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Eva Schmidt
TU Dortmund
  1. Where Reasons and Reasoning Come Apart.Eva Schmidt - forthcoming - Noûs.
    Proponents of the reasoning view analyze normative reasons as premises of good reasoning and explain the normativity of reasons by appeal to their role as premises of good reasoning. The aim of this paper is to cast doubt on the reasoning view by providing counterexamples to the proposed analysis of reasons, counterexamples in which premises of good reasoning towards φ‐ing are not reasons to φ.
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  2.  76
    Modest Nonconceptualism: Epistemology, Phenomenology, and Content.Eva Schmidt - 2015 - Springer.
    The author defends nonconceptualism, the claim that perceptual experience is nonconceptual and has nonconceptual content. Continuing the heated and complex debate surrounding this topic over the past two decades, she offers a sustained defense of a novel version of the view, Modest Nonconceptualism, and provides a systematic overview of some of the central controversies in the debate. -/- An explication of the notion of nonconceptual content and a distinction between nonconceptualist views of different strengths starts off the volume, then the (...)
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  3.  59
    The Explanatory Merits of Reasons-First Epistemology.Eva Schmidt - 2020 - In Christoph Demmerling & Dirk Schröder (eds.), Concepts in Thought, Action, and Emotion: New Essays. New York: pp. 75-91.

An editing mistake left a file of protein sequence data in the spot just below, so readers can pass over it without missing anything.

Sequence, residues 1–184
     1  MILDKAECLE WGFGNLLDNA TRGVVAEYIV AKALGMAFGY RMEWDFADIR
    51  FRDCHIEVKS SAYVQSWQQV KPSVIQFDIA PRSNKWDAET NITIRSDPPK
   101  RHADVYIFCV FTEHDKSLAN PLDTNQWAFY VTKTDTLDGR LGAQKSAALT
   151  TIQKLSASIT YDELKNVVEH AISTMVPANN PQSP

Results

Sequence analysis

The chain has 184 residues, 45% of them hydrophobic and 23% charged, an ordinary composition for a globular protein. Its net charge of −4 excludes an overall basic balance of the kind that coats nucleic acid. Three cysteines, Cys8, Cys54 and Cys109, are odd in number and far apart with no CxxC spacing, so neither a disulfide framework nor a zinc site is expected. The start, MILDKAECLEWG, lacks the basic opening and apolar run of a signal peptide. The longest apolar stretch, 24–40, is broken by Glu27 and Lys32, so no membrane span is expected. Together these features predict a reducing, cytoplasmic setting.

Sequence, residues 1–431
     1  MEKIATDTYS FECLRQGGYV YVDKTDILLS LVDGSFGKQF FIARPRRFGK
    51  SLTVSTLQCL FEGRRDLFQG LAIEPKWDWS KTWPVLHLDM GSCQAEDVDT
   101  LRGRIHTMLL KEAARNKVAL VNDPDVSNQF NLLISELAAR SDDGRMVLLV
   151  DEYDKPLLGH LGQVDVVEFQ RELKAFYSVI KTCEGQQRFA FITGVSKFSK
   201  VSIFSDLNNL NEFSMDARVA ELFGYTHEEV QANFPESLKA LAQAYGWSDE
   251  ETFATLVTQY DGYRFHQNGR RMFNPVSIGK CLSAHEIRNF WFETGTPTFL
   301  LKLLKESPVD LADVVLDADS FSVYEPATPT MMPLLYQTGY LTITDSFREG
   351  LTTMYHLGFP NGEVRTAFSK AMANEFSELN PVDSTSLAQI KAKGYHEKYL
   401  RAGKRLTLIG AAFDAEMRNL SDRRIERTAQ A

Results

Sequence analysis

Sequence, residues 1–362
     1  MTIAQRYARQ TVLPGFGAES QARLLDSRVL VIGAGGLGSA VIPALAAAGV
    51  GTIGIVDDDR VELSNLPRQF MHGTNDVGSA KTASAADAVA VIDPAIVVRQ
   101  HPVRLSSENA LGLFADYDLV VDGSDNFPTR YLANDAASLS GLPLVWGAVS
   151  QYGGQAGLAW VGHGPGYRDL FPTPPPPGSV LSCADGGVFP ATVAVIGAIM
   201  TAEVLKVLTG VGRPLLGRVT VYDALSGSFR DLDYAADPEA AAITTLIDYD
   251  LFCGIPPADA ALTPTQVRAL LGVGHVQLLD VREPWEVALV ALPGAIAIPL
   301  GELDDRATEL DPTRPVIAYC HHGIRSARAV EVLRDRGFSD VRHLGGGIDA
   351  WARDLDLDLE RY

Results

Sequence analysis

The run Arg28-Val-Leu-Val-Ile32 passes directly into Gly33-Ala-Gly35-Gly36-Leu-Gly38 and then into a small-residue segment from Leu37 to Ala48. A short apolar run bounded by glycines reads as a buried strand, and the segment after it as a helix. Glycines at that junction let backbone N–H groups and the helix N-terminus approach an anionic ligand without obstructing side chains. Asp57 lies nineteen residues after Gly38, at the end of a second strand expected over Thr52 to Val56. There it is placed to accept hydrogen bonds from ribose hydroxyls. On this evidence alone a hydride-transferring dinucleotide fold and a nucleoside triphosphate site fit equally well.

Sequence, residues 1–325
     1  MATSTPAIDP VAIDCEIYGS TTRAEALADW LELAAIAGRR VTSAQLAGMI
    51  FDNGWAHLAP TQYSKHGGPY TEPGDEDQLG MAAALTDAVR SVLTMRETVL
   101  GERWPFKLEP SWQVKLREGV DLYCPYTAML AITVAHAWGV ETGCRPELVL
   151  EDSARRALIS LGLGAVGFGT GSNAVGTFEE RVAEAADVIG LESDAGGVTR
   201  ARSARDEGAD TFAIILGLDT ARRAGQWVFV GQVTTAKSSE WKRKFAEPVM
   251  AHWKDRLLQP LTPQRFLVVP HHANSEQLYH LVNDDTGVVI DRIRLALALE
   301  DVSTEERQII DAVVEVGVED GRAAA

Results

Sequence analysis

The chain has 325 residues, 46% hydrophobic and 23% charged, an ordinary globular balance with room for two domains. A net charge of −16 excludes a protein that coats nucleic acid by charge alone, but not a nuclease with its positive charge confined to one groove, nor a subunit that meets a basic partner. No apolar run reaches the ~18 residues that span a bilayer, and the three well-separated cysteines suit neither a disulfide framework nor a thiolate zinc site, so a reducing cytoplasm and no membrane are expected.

I present an explanatory argument for the reasons-first view: It is superior to knowledge-first views in particular in that it can both explain the specific epistemic role of perception and account for the shape and extent of epistemic justification.
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  4. Possessing Epistemic Reasons: The Role of Rational Capacities.Eva Schmidt - 2019 - Philosophical Studies 176 (2):483-501.
    In this paper, I defend a reasons-first view of epistemic justification, according to which the justification of our beliefs arises entirely in virtue of the epistemic reasons we possess. I remove three obstacles for this view, which result from its presupposition that epistemic reasons have to be possessed by the subject: the problem that reasons-first accounts of justification are necessarily circular; the problem that they cannot give special epistemic significance to perceptual experience; the problem that they have to say that (...)
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  5.  62
    New Trouble for “Reasons as Evidence”: Means That Don’T Justify the Ends.Eva Schmidt - 2017 - Ethics 127 (3):708-718.